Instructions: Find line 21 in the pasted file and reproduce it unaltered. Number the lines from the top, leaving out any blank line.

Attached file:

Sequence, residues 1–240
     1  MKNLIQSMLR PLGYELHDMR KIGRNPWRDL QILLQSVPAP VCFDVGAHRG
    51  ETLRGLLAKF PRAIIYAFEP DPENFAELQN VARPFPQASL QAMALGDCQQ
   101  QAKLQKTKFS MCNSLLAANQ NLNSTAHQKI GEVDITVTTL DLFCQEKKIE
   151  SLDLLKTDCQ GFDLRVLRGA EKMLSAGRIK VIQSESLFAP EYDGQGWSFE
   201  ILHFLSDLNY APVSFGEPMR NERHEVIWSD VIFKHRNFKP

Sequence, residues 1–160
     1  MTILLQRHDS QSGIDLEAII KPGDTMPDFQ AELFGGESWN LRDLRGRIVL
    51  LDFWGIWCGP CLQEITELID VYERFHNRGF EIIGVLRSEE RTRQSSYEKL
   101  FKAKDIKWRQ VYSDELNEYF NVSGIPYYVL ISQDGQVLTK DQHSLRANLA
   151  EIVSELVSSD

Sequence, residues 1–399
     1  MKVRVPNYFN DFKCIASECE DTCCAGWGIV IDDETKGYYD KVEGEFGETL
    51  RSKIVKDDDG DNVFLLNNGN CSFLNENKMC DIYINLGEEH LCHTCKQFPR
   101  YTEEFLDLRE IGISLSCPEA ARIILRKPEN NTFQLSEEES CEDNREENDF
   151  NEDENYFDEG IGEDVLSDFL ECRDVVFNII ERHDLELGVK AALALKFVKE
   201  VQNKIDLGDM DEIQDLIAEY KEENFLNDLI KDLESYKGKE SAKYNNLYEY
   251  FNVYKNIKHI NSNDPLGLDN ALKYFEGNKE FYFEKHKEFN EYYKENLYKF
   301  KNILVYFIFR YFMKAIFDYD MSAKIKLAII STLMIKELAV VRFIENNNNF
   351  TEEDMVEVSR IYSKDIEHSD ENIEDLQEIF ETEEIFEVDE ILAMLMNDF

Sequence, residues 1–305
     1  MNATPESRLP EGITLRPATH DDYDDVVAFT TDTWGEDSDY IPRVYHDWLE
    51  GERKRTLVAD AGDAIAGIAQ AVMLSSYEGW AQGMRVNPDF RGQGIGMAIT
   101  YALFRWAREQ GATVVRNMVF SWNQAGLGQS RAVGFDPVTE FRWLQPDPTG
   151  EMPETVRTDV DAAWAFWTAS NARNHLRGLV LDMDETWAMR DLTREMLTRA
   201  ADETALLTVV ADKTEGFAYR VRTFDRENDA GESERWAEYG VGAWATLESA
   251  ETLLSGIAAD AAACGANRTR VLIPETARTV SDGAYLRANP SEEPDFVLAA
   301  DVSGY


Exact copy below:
Sequence, residues 1–305